Leland Lee

Senator Leland Yee is chased by reporters as he leaves the federal building in San Francisco, CA, Wednesday Mar. 26, 2014. The FBI raided State Sen. Leland Yee’s office in Sacramento and other locations were searched by the FBI in San Francisco. He was reportedly arrested on public corruption charges Wednesday morning amid raids of his office in Sacramento and searches by the FBI in San Francisco. Photo: Michael Short, The Chronicle

Marisa Lagos, Henry K. Lee and Bob Egelko
Thursday, March 27, 2014

State Sen. Leland Yee, an outspoken advocate of gun control and open government, was arrested Wednesday on charges that he conspired to traffic in firearms and traded favors in Sacramento for bribes – campaign cash paid by men who turned out to be undercover FBI agents.

Yee, a Democrat who represents half of San Francisco and most of San Mateo County and is running for secretary of state, was one of 26 people ensnared in a five-year federal investigation that targeted Raymond “Shrimp Boy” Chow, a notorious Chinatown gangster who had claimed to have gone straight, officials said.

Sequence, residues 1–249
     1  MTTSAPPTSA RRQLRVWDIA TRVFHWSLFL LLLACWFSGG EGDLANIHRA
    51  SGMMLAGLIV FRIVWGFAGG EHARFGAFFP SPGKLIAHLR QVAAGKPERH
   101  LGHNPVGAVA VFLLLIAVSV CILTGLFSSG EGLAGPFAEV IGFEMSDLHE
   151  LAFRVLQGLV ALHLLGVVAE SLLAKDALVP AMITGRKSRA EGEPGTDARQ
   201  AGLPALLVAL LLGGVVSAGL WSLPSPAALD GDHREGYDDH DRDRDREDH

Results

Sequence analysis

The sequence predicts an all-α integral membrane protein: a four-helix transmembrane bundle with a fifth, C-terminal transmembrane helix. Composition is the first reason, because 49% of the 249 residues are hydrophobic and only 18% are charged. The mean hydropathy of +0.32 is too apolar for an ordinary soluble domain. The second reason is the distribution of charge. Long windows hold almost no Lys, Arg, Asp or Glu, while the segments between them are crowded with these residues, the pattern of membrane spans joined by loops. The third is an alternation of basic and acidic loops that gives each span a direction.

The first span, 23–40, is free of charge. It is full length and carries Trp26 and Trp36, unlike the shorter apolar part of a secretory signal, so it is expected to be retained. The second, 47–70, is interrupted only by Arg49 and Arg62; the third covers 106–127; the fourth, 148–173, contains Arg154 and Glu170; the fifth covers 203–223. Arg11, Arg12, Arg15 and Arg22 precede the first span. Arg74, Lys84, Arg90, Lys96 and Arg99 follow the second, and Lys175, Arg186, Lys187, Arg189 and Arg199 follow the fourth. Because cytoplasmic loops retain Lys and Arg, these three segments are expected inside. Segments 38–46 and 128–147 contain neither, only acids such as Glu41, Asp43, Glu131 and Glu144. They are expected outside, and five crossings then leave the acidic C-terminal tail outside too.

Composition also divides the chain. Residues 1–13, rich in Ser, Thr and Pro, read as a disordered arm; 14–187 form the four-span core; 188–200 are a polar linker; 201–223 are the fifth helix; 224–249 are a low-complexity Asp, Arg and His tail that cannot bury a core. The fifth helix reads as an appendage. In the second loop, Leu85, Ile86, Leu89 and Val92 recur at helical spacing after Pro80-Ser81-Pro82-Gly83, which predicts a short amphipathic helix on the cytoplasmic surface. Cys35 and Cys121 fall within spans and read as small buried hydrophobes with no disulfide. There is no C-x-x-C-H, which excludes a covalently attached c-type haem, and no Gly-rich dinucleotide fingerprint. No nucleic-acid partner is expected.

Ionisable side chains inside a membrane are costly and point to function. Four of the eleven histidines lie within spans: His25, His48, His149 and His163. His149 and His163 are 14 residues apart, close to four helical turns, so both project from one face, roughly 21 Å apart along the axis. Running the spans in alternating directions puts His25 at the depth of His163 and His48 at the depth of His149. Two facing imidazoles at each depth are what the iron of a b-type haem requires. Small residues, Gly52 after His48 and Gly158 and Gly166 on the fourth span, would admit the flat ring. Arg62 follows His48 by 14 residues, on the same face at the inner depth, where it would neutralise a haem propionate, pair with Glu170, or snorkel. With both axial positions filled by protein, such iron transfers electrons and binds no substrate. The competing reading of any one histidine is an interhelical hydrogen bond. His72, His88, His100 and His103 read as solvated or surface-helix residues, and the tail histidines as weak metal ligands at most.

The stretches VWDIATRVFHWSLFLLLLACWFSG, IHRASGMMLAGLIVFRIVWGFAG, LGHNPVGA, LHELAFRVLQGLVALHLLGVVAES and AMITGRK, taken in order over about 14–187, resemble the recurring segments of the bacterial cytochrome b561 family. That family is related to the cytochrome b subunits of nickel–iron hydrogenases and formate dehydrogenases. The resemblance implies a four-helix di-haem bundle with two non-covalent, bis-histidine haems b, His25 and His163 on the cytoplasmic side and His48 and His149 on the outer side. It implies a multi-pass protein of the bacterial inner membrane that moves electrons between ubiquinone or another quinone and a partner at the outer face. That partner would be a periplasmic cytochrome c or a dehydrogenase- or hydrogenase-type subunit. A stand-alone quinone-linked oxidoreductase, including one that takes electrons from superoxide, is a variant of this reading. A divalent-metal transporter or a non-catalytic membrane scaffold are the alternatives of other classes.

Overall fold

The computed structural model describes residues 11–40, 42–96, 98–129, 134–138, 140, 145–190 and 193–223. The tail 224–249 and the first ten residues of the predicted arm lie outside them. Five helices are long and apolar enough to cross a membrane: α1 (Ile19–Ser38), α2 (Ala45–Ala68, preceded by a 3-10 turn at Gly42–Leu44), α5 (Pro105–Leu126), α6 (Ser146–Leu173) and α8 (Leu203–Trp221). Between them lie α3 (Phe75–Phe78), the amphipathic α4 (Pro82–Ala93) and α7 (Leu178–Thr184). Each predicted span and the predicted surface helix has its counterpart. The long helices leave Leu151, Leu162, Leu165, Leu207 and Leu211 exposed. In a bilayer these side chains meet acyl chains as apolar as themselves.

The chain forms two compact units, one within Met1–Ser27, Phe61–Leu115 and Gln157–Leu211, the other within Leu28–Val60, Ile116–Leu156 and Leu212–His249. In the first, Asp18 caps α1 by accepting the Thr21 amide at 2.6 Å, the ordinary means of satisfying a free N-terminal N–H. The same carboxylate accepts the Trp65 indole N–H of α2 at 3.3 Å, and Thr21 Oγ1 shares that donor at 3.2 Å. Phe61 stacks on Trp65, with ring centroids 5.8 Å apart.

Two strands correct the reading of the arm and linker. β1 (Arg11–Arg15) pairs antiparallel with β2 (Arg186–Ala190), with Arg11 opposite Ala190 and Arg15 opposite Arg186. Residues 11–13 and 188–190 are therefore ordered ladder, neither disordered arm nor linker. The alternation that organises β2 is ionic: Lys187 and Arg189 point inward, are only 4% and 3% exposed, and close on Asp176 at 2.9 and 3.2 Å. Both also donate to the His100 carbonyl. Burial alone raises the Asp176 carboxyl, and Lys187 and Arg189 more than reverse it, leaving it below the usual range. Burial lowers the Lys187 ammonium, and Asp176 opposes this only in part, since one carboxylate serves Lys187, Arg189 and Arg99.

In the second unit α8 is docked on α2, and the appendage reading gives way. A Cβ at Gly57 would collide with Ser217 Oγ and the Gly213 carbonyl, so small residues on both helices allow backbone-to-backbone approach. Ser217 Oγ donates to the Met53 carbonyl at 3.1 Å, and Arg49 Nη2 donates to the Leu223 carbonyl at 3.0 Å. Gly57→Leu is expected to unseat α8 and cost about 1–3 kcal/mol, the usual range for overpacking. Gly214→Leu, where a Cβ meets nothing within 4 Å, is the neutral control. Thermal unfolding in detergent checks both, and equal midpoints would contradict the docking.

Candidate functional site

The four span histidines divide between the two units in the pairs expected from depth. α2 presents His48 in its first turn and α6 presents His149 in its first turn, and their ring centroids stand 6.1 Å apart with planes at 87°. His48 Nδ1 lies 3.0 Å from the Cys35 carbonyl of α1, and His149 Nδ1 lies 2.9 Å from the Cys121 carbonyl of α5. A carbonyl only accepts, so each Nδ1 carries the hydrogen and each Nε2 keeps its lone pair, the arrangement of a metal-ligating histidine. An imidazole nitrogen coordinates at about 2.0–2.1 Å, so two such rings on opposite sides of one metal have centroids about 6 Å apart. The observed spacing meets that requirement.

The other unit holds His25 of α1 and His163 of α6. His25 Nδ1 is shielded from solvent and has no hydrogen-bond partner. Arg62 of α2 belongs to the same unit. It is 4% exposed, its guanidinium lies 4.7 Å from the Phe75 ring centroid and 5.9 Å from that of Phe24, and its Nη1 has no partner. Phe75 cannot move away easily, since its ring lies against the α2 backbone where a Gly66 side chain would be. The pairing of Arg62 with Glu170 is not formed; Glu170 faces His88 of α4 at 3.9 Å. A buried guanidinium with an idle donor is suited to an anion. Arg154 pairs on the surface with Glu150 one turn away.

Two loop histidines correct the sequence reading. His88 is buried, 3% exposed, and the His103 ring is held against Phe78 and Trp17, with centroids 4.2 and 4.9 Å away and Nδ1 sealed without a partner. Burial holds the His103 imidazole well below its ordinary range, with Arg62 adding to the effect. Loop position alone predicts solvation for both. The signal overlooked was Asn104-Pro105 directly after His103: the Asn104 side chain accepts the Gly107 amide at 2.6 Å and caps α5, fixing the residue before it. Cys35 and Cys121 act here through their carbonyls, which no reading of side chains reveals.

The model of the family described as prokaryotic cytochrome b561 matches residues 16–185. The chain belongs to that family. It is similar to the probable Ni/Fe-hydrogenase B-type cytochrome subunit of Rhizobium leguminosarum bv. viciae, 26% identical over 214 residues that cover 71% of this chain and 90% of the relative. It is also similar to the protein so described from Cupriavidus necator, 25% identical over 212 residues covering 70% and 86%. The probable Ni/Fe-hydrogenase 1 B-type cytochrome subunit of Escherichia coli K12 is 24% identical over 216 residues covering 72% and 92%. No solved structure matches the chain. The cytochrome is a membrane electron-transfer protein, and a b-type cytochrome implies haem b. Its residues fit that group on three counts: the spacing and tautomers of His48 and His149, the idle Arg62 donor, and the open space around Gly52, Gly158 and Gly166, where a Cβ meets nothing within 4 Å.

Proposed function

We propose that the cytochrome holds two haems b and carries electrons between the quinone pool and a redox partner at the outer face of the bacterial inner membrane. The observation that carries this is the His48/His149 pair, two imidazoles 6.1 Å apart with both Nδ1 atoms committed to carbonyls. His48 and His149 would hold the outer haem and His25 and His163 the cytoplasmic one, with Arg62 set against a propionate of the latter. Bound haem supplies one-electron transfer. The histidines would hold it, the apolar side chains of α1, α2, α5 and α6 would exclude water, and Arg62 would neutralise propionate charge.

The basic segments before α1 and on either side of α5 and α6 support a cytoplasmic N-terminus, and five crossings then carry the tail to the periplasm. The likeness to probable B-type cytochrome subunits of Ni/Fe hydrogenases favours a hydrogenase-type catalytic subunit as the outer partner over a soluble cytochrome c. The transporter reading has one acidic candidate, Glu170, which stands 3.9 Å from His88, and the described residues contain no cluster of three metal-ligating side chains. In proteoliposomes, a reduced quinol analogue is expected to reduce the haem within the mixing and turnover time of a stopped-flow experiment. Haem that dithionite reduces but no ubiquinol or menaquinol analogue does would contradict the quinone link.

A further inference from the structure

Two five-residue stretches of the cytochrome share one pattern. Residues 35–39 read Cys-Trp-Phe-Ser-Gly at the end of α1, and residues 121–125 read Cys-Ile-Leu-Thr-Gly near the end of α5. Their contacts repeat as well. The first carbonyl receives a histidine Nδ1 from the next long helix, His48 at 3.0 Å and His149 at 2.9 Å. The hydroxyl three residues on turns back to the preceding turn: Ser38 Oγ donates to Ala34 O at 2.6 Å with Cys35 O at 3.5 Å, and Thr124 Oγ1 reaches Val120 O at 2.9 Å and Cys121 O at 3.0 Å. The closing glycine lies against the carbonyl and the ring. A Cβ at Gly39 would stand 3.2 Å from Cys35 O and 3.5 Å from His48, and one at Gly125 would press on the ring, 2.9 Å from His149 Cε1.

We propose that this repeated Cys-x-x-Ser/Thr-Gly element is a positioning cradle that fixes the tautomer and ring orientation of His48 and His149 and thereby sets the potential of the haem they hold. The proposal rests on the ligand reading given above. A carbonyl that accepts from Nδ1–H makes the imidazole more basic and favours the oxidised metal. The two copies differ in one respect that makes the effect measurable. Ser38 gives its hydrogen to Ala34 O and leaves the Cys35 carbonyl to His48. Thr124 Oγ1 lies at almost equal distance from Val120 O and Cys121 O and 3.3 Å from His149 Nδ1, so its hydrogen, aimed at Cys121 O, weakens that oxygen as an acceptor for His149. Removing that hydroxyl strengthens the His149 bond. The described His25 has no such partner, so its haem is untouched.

The charges, filed Monday and unsealed Wednesday, reverberated through circles of power in San Francisco and Sacramento, shaking up party politics and the secretary of state race. Leading Democratic senators, weary of recent scandals involving party legislators, called for Yee’s resignation.

Yee did not comment after he was arraigned at the U.S. District Court in San Francisco on charges of conspiring to traffic in firearms and scheming to defraud citizens of honest services. He appeared somber in a casual jacket before being released on a $500,000 bond.

His lawyer, Paul DeMeester, declined to talk about the charges, saying only that his client was “holding up.”

“Our top priority was to get the senator released, and we’ve accomplished that,” DeMeester said. “The future will hold a lot of work.”

The FBI, in a 137-page complaint, alleged that Chow and five other defendants laundered $2.3 million for undercover agents between March 2011 and December 2013. An agent told them he derived the money from crimes like illegal gambling, drug dealing and marijuana growing, the FBI said.

Most of the suspects – four of whom remain at large – are linked to the Chinatown brotherhood association that Chow heads, known as Ghee Kung Tong, whose headquarters was raided Wednesday. Charges included trafficking in illicit guns, cigarettes and liquor.

The FBI reported infiltrating the group so deeply that one agent, while posing as a member of La Cosa Nostra, was “inducted” as a consultant.
Shift in 2011

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